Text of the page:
Wednesday, February 17, 2010

King Tut: Le Bossu D'Egypte

Using modern scientific technology, researchers have now apparently determined what really killed Egypt's boy pharaoh "King Tut," who died in 1324 BC at the age of 19. As you may know, for years it was speculated that Tut might have been murdered, perhaps by adult pretenders to the throne within his own court. Or that he may have died from complications resulting from a compound fracture of his leg that he sustained falling off a chariot on a royal hunting trip.  According to the 1 minute report from the CBS Evening News last night embedded below, it was, in the end, the broken leg (and a severe malaria infection in his brain) that killed him, not the more glamorous royal assassin.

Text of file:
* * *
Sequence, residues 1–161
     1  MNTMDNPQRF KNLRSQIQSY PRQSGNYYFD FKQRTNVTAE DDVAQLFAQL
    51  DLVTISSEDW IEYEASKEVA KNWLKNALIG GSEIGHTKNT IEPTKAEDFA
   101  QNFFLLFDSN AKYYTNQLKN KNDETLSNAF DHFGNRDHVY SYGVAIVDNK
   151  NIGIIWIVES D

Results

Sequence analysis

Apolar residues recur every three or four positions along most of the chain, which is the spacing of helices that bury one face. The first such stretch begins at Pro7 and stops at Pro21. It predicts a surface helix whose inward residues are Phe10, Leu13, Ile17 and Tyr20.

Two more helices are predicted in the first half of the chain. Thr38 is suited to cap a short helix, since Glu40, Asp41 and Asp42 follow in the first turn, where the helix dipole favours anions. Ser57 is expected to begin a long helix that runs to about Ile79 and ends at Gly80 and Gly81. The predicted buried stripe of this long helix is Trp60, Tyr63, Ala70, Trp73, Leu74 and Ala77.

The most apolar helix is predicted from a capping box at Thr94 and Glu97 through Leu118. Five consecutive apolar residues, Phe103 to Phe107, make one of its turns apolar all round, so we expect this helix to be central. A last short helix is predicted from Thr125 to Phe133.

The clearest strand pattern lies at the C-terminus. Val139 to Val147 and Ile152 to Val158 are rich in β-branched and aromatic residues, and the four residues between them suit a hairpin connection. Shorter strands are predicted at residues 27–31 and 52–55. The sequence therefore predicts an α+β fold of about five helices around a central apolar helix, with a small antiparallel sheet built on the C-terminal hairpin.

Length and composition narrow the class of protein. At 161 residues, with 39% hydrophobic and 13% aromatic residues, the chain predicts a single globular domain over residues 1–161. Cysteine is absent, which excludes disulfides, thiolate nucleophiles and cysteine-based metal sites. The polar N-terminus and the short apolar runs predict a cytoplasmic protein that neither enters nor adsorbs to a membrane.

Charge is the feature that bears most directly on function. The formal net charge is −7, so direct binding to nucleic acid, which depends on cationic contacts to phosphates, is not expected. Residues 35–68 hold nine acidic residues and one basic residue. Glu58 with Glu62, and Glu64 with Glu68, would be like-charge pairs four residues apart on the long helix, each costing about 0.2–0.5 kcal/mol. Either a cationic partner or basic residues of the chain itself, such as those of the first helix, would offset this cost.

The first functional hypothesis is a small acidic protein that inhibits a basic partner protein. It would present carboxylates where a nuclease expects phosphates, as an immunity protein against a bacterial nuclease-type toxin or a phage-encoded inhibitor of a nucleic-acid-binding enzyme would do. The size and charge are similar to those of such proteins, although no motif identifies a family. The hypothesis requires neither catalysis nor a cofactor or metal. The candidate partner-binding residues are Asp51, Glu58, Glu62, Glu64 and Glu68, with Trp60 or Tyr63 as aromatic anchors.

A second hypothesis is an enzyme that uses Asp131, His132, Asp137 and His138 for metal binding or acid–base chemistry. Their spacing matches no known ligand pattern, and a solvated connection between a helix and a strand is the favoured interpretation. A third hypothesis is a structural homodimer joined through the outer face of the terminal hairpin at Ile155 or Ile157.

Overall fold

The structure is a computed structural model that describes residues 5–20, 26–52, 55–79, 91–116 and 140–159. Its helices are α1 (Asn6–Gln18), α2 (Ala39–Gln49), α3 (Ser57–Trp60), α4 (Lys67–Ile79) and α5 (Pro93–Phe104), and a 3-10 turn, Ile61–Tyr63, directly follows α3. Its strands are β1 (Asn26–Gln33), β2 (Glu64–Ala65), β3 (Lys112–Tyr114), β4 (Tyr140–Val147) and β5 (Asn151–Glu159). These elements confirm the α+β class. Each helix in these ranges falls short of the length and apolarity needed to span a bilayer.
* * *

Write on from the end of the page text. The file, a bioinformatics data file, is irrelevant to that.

But what I found even more noteworthy in this report was the description of his overall physical condition.  In addition to the "severe" malaria infection in his brain (which can apparently cause headaches, convulsions, delirium, and confusion, among other things), he also suffered from both a cleft palette and a club foot. So he may have been more of a Quasimodo figure in reality, rather than the bronzed, god-like teenager usually depicted in TV documentaries.

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